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Visualizing rotational wave functions of electronically excited nitric oxide molecules by using an ion imaging technique

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Abstract

Here we report the dissociative ionization imaging of electronically excited nitric oxide (NO) molecules to visualize rotational wave functions in the electronic excited state (A 2Σ+). The NO molecules were excited to a single rotational energy eigenstate in the first electronic excited state by a resonant nanosecond ultraviolet pulse. The molecules were then irradiated by a strong, circularly polarized femtosecond imaging pulse. Spatial distribution of the ejected N+ and O+ fragment ions from the dissociative NO2+ was recorded as a direct measure of the molecular axis distribution using a high-resolution slice ion imaging apparatus. The circularly polarized probe pulse realizes the isotropic ionization and thus undistorted shapes of the functions can be visualized. Due to the higher ionization efficiency of the excited molecules relative to the ground state ones, signals from the excited NO were enhanced. We can, therefore, extract shapes of the square of rotational wave functions in the electronic excited state although the unexcited ground state molecules are the majority in an ensemble. The observed images show s-function-like and p-function-like shapes depending on the excitation wavelengths. These shapes well reflect the rotational (angular momentum) character of the prepared states. The present approach directly leads to the evaluation method of the molecular axis alignment in photo-excited ensembles, and it could also lead to a visualization method for excited state molecular dynamics.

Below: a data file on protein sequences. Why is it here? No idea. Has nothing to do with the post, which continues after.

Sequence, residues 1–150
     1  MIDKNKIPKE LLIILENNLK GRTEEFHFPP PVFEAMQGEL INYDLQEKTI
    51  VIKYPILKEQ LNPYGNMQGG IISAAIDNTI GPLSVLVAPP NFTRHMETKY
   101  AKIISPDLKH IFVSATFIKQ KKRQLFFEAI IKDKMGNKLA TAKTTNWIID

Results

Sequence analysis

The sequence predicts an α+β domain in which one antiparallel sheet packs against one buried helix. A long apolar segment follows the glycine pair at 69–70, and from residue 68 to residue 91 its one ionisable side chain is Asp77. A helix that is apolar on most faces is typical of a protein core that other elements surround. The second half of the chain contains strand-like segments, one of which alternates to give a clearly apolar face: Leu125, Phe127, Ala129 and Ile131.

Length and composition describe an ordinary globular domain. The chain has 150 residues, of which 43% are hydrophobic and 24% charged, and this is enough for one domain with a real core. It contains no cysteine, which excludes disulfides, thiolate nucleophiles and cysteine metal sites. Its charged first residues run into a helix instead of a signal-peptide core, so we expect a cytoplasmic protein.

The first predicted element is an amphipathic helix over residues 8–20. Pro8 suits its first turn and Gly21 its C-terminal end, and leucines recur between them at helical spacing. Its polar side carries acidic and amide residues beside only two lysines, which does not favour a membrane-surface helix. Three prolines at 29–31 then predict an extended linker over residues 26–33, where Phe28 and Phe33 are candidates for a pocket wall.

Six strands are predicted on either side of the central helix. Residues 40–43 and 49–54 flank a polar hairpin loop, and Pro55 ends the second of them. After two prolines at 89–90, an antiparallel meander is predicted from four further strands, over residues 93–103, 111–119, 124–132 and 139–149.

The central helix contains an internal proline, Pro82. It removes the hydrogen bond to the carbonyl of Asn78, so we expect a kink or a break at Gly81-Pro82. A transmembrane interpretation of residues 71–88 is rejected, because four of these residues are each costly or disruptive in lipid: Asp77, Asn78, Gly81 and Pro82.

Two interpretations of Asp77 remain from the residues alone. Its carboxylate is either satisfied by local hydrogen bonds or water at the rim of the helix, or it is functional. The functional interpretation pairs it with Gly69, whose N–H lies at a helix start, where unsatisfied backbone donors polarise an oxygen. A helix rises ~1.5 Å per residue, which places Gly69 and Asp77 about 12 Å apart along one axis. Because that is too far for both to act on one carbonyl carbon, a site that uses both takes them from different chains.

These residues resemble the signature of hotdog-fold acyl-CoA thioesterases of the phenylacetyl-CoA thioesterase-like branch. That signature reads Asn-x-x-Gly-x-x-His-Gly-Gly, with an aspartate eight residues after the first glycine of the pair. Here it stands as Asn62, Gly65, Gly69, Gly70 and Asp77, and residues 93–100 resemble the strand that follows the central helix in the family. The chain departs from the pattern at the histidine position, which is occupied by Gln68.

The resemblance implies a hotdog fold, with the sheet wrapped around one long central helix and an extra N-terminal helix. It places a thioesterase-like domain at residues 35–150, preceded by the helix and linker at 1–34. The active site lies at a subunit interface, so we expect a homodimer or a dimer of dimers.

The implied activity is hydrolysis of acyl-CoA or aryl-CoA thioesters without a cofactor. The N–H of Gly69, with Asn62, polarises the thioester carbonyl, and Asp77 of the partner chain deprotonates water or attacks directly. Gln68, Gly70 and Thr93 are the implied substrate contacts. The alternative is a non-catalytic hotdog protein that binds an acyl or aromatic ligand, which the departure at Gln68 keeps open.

Graphical abstract: Visualizing rotational wave functions of electronically excited nitric oxide molecules by using an ion imaging technique

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Publication details

The article was received on 15 Sep 2017, accepted on 08 Nov 2017 and first published on 08 Nov 2017


Article type: Paper
DOI: 10.1039/C7CP06347D
Citation: Phys. Chem. Chem. Phys., 2018, Advance Article
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    Visualizing rotational wave functions of electronically excited nitric oxide molecules by using an ion imaging technique

    K. Mizuse, N. Chizuwa, D. Ikeda, T. Imajo and Y. Ohshima, Phys. Chem. Chem. Phys., 2018, Advance Article , DOI: 10.1039/C7CP06347D

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